More than 700 migrants from Bangladesh and Myanmar have been rescued from a sinking boat off Indonesia’s coast.
Reports say another boat was turned back by the Indonesian navy.
The fate of another vessel of stranded migrants off the coast of Thailand is unclear after it was towed it out of Thai waters.Human Rights Watch has warned of deadly “human ping pong” in the Andaman sea, where thousands more are believed to be adrift, struggling to land.
Medical officials told the BBC Indonesian service that of those rescued off of Indonesia’s Aceh province on Friday, eight were critically ill.
“According to initial information… they were pushed away by the Malaysian navy to the border of Indonesian waters,” a police chief in the city of Lansa, Aceh province, told AFP news agency. He said that their boat was sinking and that Indonesian fishermen ferried them to shore.
The official policy of Thailand, Malaysia and Indonesia is that they will push back migrants trying to arrive on their shores.
However, the UN Secretary-General Ban Ki-moon has called on these countries to “keep their borders and ports open in order to help the vulnerable people who are in need”. He said countries were obliged to rescue stricken boats and to respect an international ban on rejecting prospective refugees.
The BBC’s Jonathan Head, who visited a boat carrying more than 300 Rohingya Muslims near the southern Thai island of Koh Lipe on Thursday, says those on board had contacted their families to say that armed men in uniform had boarded the ship overnight.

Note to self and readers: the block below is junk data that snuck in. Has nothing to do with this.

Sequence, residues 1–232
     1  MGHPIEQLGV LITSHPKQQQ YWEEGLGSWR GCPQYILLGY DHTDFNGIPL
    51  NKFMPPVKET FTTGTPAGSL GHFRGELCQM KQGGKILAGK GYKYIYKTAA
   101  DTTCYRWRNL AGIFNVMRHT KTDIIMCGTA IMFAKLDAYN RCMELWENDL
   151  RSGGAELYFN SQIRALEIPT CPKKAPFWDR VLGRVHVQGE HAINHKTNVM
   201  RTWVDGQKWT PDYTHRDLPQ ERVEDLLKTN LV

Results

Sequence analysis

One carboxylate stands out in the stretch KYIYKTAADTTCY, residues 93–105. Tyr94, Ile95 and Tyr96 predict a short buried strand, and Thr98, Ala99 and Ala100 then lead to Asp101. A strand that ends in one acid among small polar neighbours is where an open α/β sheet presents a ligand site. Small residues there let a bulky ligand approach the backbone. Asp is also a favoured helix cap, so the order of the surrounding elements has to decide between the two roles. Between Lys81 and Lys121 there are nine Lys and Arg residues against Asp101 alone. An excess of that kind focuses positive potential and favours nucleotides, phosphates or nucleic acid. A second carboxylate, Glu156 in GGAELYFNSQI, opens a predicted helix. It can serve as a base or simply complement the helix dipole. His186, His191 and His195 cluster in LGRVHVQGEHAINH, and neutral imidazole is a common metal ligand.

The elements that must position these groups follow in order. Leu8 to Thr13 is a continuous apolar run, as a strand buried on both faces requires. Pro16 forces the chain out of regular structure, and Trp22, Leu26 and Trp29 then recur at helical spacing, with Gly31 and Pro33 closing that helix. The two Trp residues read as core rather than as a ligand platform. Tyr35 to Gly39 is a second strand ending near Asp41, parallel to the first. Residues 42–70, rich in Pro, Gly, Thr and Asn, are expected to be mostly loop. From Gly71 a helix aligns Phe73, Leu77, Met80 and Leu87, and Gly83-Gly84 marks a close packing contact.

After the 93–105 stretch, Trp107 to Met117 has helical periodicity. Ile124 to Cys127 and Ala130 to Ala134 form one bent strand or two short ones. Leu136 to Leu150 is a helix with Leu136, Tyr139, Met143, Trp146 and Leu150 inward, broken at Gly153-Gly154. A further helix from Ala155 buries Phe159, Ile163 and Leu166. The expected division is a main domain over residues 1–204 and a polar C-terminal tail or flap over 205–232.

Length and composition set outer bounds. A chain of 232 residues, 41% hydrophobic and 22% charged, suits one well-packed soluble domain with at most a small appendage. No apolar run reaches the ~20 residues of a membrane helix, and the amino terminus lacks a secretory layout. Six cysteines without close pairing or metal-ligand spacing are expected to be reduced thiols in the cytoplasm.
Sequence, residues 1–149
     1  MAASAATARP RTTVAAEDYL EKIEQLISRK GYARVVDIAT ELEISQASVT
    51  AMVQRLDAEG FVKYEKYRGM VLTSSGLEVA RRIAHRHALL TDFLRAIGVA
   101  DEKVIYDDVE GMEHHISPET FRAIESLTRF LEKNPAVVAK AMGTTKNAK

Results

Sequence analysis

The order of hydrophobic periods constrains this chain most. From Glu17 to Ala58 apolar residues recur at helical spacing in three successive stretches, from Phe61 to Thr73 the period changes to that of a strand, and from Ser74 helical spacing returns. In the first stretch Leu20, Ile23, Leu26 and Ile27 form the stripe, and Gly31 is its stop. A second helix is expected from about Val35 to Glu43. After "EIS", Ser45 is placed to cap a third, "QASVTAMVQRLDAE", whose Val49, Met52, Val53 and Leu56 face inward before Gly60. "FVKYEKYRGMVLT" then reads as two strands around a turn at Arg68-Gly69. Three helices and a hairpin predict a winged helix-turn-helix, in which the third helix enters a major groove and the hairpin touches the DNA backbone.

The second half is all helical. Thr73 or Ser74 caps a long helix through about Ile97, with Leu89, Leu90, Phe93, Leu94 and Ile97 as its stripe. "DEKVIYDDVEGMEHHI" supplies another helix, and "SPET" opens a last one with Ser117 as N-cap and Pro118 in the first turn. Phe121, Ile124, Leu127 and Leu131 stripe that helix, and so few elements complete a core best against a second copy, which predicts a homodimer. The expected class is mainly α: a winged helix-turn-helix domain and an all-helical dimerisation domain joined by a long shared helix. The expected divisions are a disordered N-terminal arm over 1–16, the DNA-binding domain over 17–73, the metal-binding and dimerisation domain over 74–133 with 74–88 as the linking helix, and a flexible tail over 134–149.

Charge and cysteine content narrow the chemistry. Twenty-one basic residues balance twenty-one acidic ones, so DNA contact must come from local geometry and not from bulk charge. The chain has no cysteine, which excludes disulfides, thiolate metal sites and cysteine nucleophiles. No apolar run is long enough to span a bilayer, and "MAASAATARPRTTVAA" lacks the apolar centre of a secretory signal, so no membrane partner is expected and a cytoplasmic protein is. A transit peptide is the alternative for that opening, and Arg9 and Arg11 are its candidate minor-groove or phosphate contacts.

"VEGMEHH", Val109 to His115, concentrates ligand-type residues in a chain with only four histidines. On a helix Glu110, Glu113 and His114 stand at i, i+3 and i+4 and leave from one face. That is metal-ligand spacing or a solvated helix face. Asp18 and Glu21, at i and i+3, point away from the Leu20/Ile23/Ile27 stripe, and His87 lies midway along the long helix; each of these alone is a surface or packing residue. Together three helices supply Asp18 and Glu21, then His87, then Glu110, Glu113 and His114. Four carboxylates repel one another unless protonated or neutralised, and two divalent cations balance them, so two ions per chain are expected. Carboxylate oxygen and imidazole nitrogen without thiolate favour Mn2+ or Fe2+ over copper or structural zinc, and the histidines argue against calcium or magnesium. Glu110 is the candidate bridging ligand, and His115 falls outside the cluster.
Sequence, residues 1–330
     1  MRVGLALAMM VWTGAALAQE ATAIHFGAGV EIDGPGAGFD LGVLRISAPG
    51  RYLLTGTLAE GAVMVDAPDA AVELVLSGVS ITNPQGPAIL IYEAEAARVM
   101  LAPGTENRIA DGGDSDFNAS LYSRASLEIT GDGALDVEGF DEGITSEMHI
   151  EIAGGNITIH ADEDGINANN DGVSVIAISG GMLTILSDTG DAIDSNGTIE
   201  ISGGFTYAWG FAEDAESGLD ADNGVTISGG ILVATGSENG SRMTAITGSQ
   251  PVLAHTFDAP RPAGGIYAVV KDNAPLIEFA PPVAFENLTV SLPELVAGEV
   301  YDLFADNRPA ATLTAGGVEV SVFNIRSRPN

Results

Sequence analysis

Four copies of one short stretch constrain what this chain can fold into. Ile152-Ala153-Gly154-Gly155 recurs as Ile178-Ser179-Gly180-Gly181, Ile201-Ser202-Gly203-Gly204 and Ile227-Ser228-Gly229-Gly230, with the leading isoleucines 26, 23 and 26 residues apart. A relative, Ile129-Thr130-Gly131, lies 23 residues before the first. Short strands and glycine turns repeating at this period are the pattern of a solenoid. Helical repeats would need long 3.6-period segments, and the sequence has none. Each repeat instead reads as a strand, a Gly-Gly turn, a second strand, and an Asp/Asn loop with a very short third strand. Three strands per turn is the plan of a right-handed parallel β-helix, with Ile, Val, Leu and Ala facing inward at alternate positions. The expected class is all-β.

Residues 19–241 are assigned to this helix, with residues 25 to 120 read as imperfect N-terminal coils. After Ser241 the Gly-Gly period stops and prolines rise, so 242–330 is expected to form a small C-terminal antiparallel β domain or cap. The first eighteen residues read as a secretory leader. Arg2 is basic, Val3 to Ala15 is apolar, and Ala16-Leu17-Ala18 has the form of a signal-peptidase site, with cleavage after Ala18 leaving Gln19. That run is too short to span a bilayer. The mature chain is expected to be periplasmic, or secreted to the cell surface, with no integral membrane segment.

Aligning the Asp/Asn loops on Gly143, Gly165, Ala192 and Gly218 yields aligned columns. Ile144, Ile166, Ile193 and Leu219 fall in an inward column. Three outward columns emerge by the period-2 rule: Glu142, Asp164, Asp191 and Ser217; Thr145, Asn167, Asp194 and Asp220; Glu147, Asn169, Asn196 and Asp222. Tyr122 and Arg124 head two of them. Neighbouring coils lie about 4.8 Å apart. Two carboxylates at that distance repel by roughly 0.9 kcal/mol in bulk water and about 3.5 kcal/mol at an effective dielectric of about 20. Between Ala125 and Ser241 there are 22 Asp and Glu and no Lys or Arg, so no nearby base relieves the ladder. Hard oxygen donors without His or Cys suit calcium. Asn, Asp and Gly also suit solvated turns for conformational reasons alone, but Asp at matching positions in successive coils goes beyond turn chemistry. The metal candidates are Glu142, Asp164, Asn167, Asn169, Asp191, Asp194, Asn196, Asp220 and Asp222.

They repaired its broken engine, gave them food and sent the boat south, they said.
Its current location is unknown – family members who had been able to phone on board while it was off the Thai coast can no long make contact.
Thai officials said the migrants did not want to go to shore but wanted to continue their journey Malaysia.
“This is not a push-back because these people wanted to go,” Lt Comm Veerapong Nakprasit of the Thai navy told Reuters.
“We did our humanitarian duty. They wanted to go to a third country,” he said.
But our correspondent says that after nearly three months at sea some are likely to need medical attention. Those on board, including women and babies, had told the BBC that they had no food or water and that 10 people had died.
Rohingya Muslims have been leaving Buddhist-majority Myanmar, also known as Burma, because they are not recognised as citizens of the country and face persecution. Many of the Bangladeshis leaving for Malaysia and beyond are thought to be economic migrants.
Earlier this week thousands of people started landing on the shores of Malaysia and Indonesia after being abandoned by smugglers afraid of a crackdown by authorities in Thailand, the usual route used by the migrants.
It is unclear how many boats full of people are adrift at sea, but rights group say thousands of migrants are likely stranded and are not being allowed to land.
The UN refugee agency has called for countries in the region to co-ordinate a search and rescue operation for them.
Thailand has announced a regional meeting on the crisis for 29 May. But Myanmar was reported to have indicated it would probably not go to it.
Who are the Rohingyas?
Rohingyas are a distinct, Muslim ethnic group mainly living in Myanmar, which is also known as Burma
Thought to be descended from Muslim traders who settled there more than 1,000 years ago
Also live in Bangladesh, Saudi Arabia and Pakistan
In Myanmar, they are regularly persecuted – subjected to forced labour, have no land rights, and are heavily restricted
In Bangladesh many are also desperately poor, with no documents or job prospects – BBC